It might be the biggest news about football at the moment as investigators unearth massive corruption and match-fixing which has threatened the integrity of the sport ahead of the 2014 FIFA World Cup finals in neighbouring Brazil.
Reports state that some 680 matches, including World Cup and European Championship qualifiers and two Champions League games had been fixed.
The investigators also found 380 suspicious matches in Europe and another 300 questionable games outside the continent, mainly in Africa, Asia and close to home in South and Central America.
China also has its match-fixing and corruption crisis as the Chinese Football Federation banned 33 officials and players for life including two former heads of the organisation while clubs were fined.
The CFA said the action followed three years of investigation to clean up football in China and this has affected the country’s biggest club, Shanghai Shenhua which has been stripped of their 2003 league title, has lost six points in the current league and fined £100,000.
This is a major threat to the integrity of football internationally and according to reports the extent of the match-fixing may be greater than the numbers revealed by Europol and investigators in the developed world.
The gambling syndicates have made a stranglehold on the world’s most popular sport and it would take a herculean task to stem the tide of corruption as players, clubs officials, referees have all fallen victims to the corruption.
Match-fixing determines the outcome of matches and it allows international gambling rings and criminal networks to garner millions of dollars which is laundered.
Although Europe and China have the financial and technical resources to tackle the corruption yet it is wide spread.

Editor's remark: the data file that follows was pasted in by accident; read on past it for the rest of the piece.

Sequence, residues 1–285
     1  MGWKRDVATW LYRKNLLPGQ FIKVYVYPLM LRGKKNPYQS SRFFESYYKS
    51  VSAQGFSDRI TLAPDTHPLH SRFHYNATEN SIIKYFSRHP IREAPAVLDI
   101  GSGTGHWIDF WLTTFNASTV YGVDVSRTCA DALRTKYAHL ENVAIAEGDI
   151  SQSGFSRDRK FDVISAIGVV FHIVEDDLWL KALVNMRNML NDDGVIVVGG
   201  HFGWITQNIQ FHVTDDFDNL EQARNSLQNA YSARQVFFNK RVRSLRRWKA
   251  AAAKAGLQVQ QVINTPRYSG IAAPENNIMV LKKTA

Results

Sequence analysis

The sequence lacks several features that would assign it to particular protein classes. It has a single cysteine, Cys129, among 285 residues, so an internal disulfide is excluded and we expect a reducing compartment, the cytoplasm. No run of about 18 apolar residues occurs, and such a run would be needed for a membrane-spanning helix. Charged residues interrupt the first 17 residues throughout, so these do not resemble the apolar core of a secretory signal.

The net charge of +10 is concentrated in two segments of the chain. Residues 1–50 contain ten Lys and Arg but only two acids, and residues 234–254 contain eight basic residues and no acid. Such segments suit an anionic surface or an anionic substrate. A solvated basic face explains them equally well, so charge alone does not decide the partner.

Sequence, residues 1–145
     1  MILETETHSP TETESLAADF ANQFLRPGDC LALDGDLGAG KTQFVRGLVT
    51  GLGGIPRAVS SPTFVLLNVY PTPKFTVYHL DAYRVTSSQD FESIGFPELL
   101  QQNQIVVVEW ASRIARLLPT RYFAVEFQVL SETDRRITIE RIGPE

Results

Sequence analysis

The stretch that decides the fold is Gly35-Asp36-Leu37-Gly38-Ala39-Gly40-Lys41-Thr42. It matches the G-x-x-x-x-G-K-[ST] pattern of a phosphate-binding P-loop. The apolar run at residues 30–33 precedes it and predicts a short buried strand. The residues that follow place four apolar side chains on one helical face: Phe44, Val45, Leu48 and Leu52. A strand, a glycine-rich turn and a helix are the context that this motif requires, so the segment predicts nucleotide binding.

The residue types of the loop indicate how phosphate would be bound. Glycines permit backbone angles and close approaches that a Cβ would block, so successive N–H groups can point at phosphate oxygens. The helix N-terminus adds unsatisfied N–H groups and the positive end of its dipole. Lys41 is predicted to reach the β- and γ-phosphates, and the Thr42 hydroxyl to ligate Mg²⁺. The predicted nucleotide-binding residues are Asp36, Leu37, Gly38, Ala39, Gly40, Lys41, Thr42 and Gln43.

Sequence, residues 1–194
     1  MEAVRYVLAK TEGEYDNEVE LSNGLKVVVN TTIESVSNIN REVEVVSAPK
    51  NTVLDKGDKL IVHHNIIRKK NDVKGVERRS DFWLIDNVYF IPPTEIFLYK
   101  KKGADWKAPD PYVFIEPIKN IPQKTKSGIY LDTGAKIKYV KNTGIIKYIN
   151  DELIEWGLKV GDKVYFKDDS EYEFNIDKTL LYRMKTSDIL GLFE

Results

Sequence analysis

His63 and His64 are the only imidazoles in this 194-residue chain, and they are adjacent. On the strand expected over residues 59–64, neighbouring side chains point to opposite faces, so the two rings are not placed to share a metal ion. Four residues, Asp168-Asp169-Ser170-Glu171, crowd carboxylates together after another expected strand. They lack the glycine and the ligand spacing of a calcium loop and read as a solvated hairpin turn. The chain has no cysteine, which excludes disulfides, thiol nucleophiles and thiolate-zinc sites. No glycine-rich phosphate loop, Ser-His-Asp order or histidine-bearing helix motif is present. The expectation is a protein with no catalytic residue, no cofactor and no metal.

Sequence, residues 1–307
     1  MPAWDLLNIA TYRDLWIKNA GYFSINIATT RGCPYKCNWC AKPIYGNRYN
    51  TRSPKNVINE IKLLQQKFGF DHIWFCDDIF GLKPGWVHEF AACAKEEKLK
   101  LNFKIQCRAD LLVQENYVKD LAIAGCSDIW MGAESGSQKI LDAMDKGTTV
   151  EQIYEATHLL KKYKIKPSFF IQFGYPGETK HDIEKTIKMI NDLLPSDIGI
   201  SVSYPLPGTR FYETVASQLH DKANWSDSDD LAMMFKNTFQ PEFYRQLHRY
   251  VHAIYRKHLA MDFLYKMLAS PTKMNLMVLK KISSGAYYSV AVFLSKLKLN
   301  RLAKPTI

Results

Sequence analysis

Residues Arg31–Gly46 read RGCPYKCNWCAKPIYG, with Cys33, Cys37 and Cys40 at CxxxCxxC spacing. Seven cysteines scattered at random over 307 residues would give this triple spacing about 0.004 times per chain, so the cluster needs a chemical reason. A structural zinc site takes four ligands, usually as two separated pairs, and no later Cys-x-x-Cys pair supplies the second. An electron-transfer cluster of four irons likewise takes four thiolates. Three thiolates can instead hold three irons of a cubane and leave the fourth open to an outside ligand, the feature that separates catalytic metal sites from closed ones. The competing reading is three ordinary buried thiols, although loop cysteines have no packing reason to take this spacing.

The clutches of the international gambling networks are everywhere but is Guyana and the wider Caribbean equipped to tackle match-fixing and the corruption that goes with it?
The region is now on the international radar and (CONCACAF), the Confederation of North, Central American and Caribbean Association Football says is prepared to act.
Allegations of corruption in football is not new in this part of the world as Caribbean football officials have been fingered in the past for infractions related to personal enrichment and inducements the most recent being the cash-for-vote scandal that rocked the Caribbean Football Union (CFU) just over two years ago.
This sandal forced the resignation of FIFA Vice President Trinidadian Austin “Jack” Warner who had served at the helm of the CFU and CONCACAF for many years.
Several regional footballers were suspended and fined including Guyana Football Federation (GFF) President Colin Klass over the debacle that transpired in Trinidad and Tobago where it was alleged that they were offered $US 40,000 each to vote for Asia Football Federation President Mohamed Bin Hammam who was the lone challenger to incumbent FIFA President Sepp Blatter at the FIFA’s last Congress.
CONCACAF last week issued a statement about its planned role to curb match-manipulation ahead of the Gold Cup indicating that it’s a top priority for the organisation.
“We are in the process of establishing all the necessary preventative measures to ensure the legitimacy of every match played in all of our tournaments, including the upcoming Gold Cup (July 7th-28th, 2013),” the statement said.
CONCACAF said it will be working closely with INTERPOL and Sports Radar (a company established to monitor matches and safeguard the integrity of football) in its fight to tackle match-manipulation and corruption.
There have been whispers about match-fixing in Guyana, a term that is called “selling out” but it is hard to determine whether these allegations are true.
Gambling at matches especially high-stake tournaments locally are popular here so mechanism must be put in place urgently to curb or stop these practices as well.
Guyana is one of CONCACAF’s 40 members and will be covered during international matches but what about locally played matches?
The GFF and other key stakeholders including the legislature, Guyana Police Force and the Guyana Revenue Authority must act because the threat is real.